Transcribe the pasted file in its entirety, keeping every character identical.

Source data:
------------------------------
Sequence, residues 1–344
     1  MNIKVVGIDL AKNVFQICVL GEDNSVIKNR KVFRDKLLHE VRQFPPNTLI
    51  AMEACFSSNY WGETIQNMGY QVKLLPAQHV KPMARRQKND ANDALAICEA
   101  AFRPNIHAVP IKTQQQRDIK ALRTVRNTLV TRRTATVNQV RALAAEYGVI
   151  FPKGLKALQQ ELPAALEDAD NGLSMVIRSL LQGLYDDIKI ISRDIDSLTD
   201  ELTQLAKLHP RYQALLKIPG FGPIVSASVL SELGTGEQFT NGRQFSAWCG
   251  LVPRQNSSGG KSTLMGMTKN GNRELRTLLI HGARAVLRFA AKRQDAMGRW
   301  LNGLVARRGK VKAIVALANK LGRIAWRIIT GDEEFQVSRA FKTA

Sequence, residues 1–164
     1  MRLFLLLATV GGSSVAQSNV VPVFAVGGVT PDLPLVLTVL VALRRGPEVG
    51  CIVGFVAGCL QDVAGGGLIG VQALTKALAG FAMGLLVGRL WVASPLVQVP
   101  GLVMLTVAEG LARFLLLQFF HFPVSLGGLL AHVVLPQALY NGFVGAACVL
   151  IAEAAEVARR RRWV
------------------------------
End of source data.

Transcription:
Sequence, residues 1–344
     1  MNIKVVGIDL AKNVFQICVL GEDNSVIKNR KVFRDKLLHE VRQFPPNTLI
    51  AMEACFSSNY WGETIQNMGY QVKLLPAQHV KPMARRQKND ANDALAICEA
   101  AFRPNIHAVP IKTQQQRDIK ALRTVRNTLV TRRTATVNQV RALAAEYGVI
   151  FPKGLKALQQ ELPAALEDAD NGLSMVIRSL LQGLYDDIKI ISRDIDSLTD
   201  ELTQLAKLHP RYQALLKIPG FGPIVSASVL SELGTGEQFT NGRQFSAWCG
   251  LVPRQNSSGG KSTLMGMTKN GNRELRTLLI HGARAVLRFA AKRQDAMGRW
   301  LNGLVARRGK VKAIVALANK LGRIAWRIIT GDEEFQVSRA FKTA

Sequence, residues 1–164
     1  MRLFLLLATV GGSSVAQSNV VPVFAVGGVT PDLPLVLTVL VALRRGPEVG
    51  CIVGFVAGCL QDVAGGGLIG VQALTKALAG FAMGLLVGRL WVASPLVQVP
   101  GLVMLTVAEG LARFLLLQFF HFPVSLGGLL AHVVLPQALY NGFVGAACVL
   151  IAEAAEVARR RRWV